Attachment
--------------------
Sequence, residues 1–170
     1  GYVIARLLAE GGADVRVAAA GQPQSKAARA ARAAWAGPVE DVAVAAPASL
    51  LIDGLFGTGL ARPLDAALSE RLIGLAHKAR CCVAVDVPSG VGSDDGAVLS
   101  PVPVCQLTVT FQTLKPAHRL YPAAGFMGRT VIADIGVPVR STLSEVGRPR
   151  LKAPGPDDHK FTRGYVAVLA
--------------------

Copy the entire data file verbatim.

Sequence, residues 1–170
     1  GYVIARLLAE GGADVRVAAA GQPQSKAARA ARAAWAGPVE DVAVAAPASL
    51  LIDGLFGTGL ARPLDAALSE RLIGLAHKAR CCVAVDVPSG VGSDDGAVLS
   101  PVPVCQLTVT FQTLKPAHRL YPAAGFMGRT VIADIGVPVR STLSEVGRPR
   151  LKAPGPDDHK FTRGYVAVLA